In 1954, Karl Ziegler developed a process for higher weight polyethylene which allowed it to be spun into fibers, and so manufactured fibers made from the polymers and copolymers of ethylene were introduced to the market. These fibers, from high density polyethylene, are lightweight, smooth and white, with a slightly waxy feel. They are resistant to wear, abrasion, creases, acids, alkalis, moisture, sunlight, mildew and insects. Polyethylene fibres do not accept the application of dyes on their surface, instead they are colored by the addition of pigments and dyes to the molten polymer prior to extrusion.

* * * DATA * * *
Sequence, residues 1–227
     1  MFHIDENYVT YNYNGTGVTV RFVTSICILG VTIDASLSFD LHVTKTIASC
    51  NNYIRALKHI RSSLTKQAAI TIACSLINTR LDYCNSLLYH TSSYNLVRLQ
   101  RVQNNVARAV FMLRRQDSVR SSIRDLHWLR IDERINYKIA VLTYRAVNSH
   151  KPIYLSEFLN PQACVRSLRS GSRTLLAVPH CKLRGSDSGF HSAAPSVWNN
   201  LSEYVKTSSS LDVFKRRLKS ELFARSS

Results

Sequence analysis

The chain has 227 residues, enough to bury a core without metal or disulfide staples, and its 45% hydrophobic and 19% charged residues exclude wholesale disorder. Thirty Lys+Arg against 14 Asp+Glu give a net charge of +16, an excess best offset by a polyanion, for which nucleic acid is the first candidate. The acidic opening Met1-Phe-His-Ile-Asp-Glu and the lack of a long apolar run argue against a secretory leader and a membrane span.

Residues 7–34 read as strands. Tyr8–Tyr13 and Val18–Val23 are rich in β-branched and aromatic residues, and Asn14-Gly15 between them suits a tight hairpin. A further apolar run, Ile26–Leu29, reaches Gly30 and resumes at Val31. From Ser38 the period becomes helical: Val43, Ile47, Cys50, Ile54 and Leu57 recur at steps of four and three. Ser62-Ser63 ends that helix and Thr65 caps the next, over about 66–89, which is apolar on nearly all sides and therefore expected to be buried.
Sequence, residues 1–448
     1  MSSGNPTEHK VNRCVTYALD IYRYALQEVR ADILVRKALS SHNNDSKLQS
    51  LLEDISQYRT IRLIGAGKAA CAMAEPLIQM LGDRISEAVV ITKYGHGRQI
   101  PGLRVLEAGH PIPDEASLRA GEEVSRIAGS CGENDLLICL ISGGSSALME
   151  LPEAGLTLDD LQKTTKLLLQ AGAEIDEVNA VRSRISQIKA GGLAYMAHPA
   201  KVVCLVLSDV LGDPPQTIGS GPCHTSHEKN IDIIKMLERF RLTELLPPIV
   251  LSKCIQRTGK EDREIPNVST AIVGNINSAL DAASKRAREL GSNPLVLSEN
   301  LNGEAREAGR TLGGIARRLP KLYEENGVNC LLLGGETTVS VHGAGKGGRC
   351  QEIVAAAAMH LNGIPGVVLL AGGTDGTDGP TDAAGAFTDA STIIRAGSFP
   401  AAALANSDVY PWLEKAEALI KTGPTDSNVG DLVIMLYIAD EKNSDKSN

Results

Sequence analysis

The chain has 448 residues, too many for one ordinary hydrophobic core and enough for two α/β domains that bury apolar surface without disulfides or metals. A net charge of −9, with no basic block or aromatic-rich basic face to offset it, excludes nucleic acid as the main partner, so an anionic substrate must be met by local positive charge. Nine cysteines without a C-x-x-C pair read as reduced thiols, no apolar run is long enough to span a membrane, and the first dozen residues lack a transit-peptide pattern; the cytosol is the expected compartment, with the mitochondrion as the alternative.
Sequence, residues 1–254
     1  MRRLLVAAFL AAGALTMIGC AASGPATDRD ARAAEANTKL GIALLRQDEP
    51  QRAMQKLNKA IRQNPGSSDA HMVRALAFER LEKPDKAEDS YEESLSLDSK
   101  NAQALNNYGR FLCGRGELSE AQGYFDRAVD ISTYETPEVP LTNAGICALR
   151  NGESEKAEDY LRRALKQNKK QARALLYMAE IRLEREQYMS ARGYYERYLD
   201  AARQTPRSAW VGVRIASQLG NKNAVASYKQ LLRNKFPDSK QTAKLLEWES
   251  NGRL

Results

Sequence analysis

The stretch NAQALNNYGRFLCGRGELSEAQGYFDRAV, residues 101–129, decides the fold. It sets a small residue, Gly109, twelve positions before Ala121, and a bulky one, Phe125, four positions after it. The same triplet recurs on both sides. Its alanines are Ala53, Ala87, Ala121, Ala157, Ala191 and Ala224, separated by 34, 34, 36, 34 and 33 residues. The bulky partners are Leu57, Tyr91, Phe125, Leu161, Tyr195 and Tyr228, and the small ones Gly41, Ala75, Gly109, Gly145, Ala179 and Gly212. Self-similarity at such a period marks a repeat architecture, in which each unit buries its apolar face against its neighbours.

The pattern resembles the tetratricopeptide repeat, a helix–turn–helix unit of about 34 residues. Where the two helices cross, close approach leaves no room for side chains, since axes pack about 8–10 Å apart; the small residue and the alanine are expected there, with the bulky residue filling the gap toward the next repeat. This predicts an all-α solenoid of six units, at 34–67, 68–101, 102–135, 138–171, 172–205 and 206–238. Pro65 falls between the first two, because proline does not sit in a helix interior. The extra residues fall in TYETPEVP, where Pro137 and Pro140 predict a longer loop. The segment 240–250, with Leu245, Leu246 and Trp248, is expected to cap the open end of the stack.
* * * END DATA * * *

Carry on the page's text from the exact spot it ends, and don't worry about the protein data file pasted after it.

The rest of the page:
Other properties of Polyethylene fibres include low specific gravity (they float on water), extremely low moisture regain, quick drying and colorfastness. They are used to make waterproof paper (Tyvek®), ropes and fabrics for upholstery in industrial and outdoor furniture applications.These fibres are also used to create filter fabric and geo-textiles.